State regulators have delivered strong words of warning to developers of a Georgia Mountain wind project.
The company has admitted it has violated conditions of its state permit. And the Public Service Board is considering imposing penalties.
Last month, the PSB ordered Georgia Mountain Community Wind to stop using high explosives as it prepares the site for its four turbine project.
The board noted that a state inspection found that the blasts threw rocks as much as 300 feet inside a neighbor’s property.
At a status conference in the case this week, PSB Chairman Jim Volz also pointed out that Georgia Mountain admitted it was preparing to blast on a state holiday – which is prohibited under the terms of its permit. Volz said the board would look at other potential violations of the permit, which is called a certificate of public good, or CPG.
“We feel very strongly that violations of our CPGs are a very serious matter, especially when they concern potentially public safety,” Volz said.
Georgia Mountain’s lawyer told the board that company has finished its blasting work, and would cooperate with the state on the investigation.
And in an interview, project manager Martha Staskus said the permit violations were unintentional. The state holiday when the work occurred was Bennington Battle Day, which Staskus says is an often overlooked day off.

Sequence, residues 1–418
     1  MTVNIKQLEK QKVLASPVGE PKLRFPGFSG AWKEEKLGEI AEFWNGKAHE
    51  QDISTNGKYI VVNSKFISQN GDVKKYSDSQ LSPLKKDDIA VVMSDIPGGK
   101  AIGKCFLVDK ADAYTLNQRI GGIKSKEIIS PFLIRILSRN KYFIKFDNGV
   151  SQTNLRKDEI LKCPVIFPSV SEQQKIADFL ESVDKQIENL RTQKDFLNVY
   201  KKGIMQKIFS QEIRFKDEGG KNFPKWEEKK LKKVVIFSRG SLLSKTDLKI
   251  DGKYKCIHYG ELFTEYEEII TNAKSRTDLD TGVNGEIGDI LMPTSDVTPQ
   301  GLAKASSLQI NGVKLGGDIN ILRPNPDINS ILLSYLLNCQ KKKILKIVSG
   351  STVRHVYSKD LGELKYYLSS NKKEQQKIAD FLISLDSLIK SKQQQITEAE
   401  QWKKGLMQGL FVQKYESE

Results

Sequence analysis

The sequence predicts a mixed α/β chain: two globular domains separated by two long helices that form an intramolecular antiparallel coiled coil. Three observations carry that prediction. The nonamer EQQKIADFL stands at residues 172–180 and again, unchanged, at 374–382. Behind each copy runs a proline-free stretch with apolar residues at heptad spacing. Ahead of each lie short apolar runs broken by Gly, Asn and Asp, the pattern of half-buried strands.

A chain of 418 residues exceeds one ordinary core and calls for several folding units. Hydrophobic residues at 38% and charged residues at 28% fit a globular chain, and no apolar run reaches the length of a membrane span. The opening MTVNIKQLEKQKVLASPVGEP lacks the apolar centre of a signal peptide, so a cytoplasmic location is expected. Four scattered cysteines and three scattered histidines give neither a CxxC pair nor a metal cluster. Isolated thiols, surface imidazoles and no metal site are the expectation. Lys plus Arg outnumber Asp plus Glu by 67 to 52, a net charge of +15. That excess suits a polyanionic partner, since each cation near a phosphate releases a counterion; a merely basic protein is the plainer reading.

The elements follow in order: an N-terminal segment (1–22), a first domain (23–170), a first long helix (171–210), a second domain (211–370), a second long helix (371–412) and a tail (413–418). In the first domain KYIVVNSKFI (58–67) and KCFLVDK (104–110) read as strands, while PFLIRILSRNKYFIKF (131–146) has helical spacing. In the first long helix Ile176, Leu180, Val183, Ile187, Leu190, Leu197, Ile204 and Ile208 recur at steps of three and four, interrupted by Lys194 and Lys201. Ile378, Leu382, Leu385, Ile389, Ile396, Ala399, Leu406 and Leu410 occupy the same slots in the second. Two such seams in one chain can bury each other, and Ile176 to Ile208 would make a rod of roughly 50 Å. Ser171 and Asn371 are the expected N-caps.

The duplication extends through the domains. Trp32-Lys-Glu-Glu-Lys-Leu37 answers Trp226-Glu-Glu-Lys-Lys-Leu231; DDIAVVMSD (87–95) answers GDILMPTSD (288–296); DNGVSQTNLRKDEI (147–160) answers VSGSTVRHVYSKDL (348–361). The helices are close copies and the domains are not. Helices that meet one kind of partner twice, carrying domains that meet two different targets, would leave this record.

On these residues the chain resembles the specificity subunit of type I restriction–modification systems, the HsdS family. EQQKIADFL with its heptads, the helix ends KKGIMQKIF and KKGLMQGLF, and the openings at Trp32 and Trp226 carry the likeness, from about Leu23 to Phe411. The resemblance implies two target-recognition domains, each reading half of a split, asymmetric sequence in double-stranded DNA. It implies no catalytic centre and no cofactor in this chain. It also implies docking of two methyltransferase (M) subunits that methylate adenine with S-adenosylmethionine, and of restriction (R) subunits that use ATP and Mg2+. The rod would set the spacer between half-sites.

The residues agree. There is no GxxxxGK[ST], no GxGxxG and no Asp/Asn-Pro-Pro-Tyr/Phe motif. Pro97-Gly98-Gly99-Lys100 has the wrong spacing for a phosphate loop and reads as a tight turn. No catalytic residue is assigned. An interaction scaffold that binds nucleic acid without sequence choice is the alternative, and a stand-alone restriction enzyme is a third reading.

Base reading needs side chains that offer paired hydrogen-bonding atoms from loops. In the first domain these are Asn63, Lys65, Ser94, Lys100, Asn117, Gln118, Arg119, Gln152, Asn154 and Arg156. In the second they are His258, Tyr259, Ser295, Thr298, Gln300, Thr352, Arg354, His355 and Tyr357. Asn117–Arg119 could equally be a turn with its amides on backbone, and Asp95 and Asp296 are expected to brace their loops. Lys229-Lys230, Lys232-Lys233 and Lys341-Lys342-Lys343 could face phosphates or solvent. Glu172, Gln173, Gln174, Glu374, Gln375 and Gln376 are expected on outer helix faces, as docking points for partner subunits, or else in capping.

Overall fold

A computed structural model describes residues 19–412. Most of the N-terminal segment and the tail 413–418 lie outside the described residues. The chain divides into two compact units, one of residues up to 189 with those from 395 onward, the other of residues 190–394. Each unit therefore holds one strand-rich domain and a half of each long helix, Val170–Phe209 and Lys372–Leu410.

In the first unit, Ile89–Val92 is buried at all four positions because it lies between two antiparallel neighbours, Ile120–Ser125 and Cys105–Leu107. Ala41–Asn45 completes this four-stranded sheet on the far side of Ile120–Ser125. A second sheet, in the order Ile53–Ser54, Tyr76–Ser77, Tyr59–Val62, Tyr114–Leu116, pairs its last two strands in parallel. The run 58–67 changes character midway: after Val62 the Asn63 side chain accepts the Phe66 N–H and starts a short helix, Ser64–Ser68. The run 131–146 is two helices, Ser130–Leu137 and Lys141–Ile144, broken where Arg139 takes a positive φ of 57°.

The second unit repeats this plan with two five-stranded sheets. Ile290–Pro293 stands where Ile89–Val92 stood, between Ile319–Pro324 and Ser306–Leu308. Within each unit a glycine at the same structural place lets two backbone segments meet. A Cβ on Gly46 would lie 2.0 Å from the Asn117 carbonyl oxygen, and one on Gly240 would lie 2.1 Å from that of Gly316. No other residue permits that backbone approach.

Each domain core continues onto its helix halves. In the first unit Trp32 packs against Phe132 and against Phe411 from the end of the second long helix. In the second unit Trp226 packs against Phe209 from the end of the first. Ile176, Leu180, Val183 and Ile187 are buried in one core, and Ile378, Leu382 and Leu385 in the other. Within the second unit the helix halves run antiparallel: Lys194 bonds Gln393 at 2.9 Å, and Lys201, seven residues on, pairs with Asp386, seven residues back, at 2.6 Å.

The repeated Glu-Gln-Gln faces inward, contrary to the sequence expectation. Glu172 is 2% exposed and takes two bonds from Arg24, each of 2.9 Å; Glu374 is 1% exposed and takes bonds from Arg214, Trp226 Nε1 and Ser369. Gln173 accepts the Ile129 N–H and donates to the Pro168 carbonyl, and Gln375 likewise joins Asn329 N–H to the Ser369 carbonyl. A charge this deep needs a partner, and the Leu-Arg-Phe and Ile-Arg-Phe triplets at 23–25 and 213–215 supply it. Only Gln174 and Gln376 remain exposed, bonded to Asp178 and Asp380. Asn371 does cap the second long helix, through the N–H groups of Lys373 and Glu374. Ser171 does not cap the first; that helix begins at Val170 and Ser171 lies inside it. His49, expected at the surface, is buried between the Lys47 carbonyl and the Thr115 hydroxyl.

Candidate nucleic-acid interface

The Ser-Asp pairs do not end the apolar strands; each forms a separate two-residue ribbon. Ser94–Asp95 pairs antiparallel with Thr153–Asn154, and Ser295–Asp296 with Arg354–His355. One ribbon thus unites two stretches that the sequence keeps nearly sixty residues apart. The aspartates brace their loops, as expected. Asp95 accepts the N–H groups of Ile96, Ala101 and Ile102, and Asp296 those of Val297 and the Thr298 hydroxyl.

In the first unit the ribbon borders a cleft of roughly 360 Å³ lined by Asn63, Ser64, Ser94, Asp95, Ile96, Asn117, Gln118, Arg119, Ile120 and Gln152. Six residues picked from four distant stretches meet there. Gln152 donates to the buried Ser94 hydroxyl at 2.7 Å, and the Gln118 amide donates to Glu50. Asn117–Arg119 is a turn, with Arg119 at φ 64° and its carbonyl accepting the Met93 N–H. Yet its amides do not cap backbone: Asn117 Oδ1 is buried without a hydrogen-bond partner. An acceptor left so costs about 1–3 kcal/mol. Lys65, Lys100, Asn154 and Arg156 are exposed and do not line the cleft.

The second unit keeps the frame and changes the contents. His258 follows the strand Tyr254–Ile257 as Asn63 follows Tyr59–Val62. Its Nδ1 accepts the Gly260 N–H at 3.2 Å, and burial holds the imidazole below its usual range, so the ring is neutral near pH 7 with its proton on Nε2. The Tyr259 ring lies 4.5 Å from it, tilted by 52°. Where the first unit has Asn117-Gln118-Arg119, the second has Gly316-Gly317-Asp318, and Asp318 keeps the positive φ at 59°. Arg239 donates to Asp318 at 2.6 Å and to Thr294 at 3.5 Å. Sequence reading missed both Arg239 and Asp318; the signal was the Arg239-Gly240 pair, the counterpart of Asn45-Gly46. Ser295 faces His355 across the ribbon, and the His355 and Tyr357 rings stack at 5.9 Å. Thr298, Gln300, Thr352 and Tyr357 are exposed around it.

“The Bennington Battle Day gets a lot of people,” she said. “Certainly we regret that, and it was certainly not intentional and we’re sorry about that.”
Dan Richardson is a lawyer for the project’s neighbors on Georgia Mountain. He said all the alleged permit violations are serious, but the most critical one is that the blasting apparently sent large chunks of stone – called fly rock – onto adjacent property.
“The idea of rocks flying through the air is pretty serious. And there were exhibits submitted showing that there were rocks that were launched onto my client’s property, hitting trees, causing damage,” he said. “If a person was out there, if an animal was out there, you know that’s cannonade fire.”
The board did not take any testimony on the alleged blasting violation, but said it will set up a hearing schedule in the case.
The case may cost Georgia Wind time and money. PSB chairman Volz told Richardson that in cases like this his clients could ask that their legal fees be reimbursed by the developer.
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